Many women experience hair loss at some point in their lives. Some live with chronic hair loss. A number of groups and foundations are coming together in September for Alopecia Awareness Month in support of those women.
I have a friend who has suffered from alopecia. She’s a beautiful woman with a kind and gentle soul. I, for one, know I take my hair for granted and can’t imagine how tough a battle it must be for those that suffer. I think it’s important that we do talk about these issues in the hope that it helps people that suffer feel less alone.
What Is Alopecia?
While many may have heard the word ‘alopecia’, few know exactly what alopecia is. ‘Alopecia’ covers a number of conditions that may result in partial or complete hair loss and can affect various parts of the body. A lot of work has gone into bringing more attention to the conditions Alopecia Areata, Alopecia Totalis and Alopecia Universalis, which are autoimmune conditions, meaning, the immune system attacks the hair follicle, preventing hair growth. Alopecia Areata, also known as spot baldness, affects a considerable number of people with varying severity but has been known to spontaneously reverse.
In its more advanced forms, Alopecia Totalis and Universalis, the hair loss is more severe and affects the entire scalp or body, including eyebrows and eyelashes. This is considered rare. Many will experience some form of hair loss in their life, whether due to stress, hormones or something else. It is important to remember that far from all hair loss is permanent and that most hair loss can be addressed with the right approach. However, people experiencing unexplained hair loss should always see their GP to account for any possible underlying health conditions. The fact is that hair loss can have devastating psychological consequences for the sufferers, whether caused by an autoimmune condition or simply stress.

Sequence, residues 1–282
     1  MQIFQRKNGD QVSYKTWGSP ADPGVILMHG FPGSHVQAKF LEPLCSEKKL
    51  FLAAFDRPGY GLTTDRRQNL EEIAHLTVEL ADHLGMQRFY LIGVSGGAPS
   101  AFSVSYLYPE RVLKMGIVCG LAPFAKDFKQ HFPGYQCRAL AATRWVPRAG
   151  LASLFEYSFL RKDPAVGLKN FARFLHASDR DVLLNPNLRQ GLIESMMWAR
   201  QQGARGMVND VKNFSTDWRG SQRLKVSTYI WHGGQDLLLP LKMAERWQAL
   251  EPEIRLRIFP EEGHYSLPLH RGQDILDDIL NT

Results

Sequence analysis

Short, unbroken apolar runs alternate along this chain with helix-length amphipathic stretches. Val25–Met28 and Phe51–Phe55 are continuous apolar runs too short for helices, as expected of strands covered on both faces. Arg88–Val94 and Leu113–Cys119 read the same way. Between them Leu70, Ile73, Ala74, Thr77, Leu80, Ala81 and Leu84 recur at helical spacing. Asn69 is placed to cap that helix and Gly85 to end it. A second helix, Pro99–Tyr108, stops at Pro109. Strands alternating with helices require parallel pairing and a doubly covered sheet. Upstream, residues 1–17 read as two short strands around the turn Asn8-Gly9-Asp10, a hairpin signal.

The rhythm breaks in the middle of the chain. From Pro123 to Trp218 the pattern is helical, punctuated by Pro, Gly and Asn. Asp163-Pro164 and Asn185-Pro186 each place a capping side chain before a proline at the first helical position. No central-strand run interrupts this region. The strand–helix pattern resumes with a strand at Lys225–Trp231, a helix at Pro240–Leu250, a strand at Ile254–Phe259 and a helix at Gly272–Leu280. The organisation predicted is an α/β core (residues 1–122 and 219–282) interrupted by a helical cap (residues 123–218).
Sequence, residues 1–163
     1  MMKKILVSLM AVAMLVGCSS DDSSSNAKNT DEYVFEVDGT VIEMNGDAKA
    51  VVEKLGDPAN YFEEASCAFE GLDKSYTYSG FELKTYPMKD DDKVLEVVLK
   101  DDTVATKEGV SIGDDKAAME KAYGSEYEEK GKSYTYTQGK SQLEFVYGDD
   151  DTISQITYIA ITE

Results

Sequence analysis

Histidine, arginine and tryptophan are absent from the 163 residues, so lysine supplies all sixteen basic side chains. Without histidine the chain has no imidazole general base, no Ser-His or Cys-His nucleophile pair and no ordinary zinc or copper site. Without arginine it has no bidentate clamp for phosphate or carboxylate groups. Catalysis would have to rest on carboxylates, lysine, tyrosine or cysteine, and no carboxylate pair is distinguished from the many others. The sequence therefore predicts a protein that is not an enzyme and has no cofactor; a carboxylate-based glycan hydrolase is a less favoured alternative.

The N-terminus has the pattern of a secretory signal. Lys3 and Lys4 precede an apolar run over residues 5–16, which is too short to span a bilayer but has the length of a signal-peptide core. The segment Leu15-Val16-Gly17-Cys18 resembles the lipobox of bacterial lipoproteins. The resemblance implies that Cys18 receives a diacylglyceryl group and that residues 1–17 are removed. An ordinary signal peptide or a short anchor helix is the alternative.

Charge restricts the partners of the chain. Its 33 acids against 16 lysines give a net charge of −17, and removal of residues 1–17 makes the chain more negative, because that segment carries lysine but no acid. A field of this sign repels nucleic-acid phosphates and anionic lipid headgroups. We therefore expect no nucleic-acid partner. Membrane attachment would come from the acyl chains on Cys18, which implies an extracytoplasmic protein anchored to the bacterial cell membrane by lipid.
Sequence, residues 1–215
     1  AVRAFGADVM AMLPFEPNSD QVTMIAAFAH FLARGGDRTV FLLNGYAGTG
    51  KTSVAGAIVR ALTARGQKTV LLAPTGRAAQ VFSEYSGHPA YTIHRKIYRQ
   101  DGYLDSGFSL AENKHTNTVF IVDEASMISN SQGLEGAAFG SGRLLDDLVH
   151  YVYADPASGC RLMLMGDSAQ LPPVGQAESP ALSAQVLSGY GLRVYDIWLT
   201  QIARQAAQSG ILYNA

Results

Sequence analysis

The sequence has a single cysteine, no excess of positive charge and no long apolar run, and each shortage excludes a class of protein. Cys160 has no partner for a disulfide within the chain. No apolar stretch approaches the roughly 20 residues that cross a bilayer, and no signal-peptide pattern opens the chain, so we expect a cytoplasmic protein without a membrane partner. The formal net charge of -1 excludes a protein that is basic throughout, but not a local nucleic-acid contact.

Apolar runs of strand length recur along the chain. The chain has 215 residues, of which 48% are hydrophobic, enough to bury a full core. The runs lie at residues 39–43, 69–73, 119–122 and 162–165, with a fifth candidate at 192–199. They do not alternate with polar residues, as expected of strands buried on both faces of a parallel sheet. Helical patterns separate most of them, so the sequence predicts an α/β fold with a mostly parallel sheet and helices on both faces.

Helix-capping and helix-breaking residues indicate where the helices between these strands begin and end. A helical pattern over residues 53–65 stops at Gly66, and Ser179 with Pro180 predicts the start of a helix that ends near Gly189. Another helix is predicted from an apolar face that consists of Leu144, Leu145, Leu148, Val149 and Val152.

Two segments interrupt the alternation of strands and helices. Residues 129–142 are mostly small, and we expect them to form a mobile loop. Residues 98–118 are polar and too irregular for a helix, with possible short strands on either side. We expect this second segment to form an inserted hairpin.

What The Experts Say
Dr Omar Milhem is a Pharmacologist and spokesperson for the National Hair Council. He says “The impact that hair loss is having on British women’s lives is huge. Knowing how common hair loss is and how important self-image is to most women, it’s concerning that they feel less attractive and avoid certain social circumstances when suffering.”
“There are more demands on young women than ever. It’s common for them to juggle a stressful job, young children and domestic responsibilities and busy social lives. It’s no wonder the stress is taking its toll on their bodies.” Said Dr Milhem.
Awareness events are a great educational opportunity to break the taboo and promote understanding. The National Hair Council hopes to spread awareness and improve the quality of life of hair loss sufferers through education. Please visit the National Hair Council’s website at www.worldhaircouncil.com to learn about hair loss, causes and available free materials.
Thanks for reading.